(JTA) — Even among those who anticipated it, the intensity of anti-Semitic violence that hit France in 2002 was shocking.
That year — the height of the second Palestinian intifada — synagogues and schools were torched, previously rare anti-Semitic beatings occurred in Paris and elsewhere, and a new generation of Jews were introduced to dangers their grandparents recognized from the 1930s.
So when teenagers started throwing stones at Jews walking to synagogue in Evry, Manuel Valls, then the mayor of the Paris suburb, did more than issue a condemnatory news release. Valls, who became prime minister last week, joined the weekly synagogue walk, signaling to the perpetrators and anyone who cared to look that the Jews had a powerful ally.
“There is a new reality for French Jews,” Valls said years later, describing the atmosphere in 2002. “And it is palpable to me.”
Valls’ promotion last week from interior minister owed less to this kind of dramatic gesture on anti-Semitism and more to his reputation as an energetic and reform-minded politician, assets that have helped him rise to become France’s second-most powerful politician in the shakeup that followed his Socialist Party’s defeat in local elections last month.
But to many French Jews, Valls is something of a hero for his unusually robust defense of Israel and the French Jewish community, and his elevation is seen as a reassuring sign amid one of French Jewry’s most troublesome periods.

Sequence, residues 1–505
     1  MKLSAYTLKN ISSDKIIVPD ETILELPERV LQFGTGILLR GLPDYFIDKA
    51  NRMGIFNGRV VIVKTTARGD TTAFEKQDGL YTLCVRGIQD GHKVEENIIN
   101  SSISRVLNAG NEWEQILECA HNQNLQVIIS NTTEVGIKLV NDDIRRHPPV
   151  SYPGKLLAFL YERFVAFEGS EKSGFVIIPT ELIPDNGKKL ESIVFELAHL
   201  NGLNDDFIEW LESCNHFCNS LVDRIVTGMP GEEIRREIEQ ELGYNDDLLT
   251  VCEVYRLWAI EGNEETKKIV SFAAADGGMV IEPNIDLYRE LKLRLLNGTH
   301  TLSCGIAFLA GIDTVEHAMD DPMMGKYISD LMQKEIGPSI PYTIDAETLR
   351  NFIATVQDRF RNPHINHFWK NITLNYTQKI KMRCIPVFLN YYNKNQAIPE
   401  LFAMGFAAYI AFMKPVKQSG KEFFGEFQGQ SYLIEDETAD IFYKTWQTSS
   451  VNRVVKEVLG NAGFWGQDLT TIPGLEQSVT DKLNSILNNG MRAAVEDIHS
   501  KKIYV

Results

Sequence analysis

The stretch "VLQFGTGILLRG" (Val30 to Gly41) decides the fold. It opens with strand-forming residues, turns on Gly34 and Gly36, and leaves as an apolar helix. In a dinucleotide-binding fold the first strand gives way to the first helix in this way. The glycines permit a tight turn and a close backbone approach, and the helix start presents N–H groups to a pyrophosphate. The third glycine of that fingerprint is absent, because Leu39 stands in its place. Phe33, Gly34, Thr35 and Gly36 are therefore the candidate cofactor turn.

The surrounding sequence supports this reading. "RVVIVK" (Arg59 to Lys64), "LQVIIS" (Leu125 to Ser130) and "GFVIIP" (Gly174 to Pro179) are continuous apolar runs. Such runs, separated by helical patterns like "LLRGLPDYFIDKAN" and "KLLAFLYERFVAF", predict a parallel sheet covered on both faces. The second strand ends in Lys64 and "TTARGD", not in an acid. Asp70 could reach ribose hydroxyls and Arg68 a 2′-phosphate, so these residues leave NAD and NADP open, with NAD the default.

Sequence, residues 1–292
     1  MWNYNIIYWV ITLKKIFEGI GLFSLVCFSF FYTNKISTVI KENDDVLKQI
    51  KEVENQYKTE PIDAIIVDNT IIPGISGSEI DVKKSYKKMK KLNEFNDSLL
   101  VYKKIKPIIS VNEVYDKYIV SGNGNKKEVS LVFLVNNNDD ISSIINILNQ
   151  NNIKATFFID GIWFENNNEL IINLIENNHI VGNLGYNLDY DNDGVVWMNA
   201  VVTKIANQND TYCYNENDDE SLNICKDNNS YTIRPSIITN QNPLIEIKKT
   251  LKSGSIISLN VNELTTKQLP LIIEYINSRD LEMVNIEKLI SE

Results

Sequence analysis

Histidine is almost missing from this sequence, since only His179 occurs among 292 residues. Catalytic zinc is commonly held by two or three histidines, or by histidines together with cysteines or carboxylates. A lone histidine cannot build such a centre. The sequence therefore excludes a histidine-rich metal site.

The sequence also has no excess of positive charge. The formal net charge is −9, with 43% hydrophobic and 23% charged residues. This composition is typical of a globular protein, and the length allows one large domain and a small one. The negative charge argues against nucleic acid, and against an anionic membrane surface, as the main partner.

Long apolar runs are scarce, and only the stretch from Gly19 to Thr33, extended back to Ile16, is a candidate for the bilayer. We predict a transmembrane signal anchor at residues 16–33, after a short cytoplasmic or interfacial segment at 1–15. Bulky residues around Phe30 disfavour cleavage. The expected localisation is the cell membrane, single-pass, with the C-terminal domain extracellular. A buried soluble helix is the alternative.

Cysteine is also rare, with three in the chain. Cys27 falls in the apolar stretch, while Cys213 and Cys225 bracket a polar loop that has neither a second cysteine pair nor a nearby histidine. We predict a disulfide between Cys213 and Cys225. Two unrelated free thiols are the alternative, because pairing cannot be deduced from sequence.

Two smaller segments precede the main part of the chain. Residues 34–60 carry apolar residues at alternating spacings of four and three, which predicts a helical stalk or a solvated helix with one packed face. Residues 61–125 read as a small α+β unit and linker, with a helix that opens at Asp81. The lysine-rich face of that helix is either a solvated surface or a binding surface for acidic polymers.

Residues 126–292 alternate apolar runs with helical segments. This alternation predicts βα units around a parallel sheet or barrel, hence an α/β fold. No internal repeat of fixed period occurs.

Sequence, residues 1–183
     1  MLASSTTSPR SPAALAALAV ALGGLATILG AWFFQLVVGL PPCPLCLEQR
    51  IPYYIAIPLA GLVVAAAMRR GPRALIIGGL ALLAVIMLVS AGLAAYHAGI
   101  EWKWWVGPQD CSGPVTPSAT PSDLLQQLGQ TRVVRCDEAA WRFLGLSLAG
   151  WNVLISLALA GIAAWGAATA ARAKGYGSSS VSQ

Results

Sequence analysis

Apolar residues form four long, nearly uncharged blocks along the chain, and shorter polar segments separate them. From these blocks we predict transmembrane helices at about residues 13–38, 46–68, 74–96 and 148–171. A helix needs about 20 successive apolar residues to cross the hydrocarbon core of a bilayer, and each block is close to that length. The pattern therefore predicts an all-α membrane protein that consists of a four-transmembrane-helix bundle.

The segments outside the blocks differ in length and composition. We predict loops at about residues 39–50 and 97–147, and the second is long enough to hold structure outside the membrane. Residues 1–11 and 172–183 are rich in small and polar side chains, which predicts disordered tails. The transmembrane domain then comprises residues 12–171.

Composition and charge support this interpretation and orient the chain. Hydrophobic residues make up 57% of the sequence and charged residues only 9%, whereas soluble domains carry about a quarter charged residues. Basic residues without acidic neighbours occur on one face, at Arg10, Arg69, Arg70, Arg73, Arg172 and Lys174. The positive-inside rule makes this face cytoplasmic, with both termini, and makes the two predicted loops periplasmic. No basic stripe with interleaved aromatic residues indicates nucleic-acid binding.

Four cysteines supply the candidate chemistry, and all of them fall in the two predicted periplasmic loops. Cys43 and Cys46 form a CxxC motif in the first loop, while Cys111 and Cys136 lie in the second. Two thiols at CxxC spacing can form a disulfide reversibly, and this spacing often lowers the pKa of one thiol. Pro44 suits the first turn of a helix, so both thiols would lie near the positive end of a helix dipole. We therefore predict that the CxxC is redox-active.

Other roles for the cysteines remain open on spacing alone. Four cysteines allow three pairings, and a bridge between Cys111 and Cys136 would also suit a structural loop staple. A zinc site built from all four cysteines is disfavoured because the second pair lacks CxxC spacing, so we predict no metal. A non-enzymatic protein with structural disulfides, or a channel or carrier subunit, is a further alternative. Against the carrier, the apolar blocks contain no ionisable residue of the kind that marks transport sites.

“I don’t think we ever knew a minister who said things the way he says them,” Roger Cukierman, president of the CRIF umbrella group of French Jewish communities, told JTA last week.
Cukierman was referring specifically to a speech last month by Valls at a rally marking the two-year anniversary of the slaying of four Jews in Toulouse in which Valls said that anti-Zionism is anti-Semitism. But Cukierman could have had in mind any of several explicit displays of Jewish solidarity that Valls has undertaken over the years.
As interior minister, Valls led an uncompromising assault on the comedian Dieudonne M’bala M’bala, who created a quasi-Nazi salute known as the quenelle that Valls has described as “an anti-Semitic gesture of hate.” And Valls has been filmed wearing a yarmulke at numerous Jewish community functions, exposing him to charges of hypocrisy since he supported banning Muslim head coverings for women at French universities.
Even more unusual, Valls has explicitly linked his pro-Jewish views to his Jewish wife, the violinist Anne Gravoin, saying in 2011 that his marriage connected him “in an eternal way” to Israel and …read more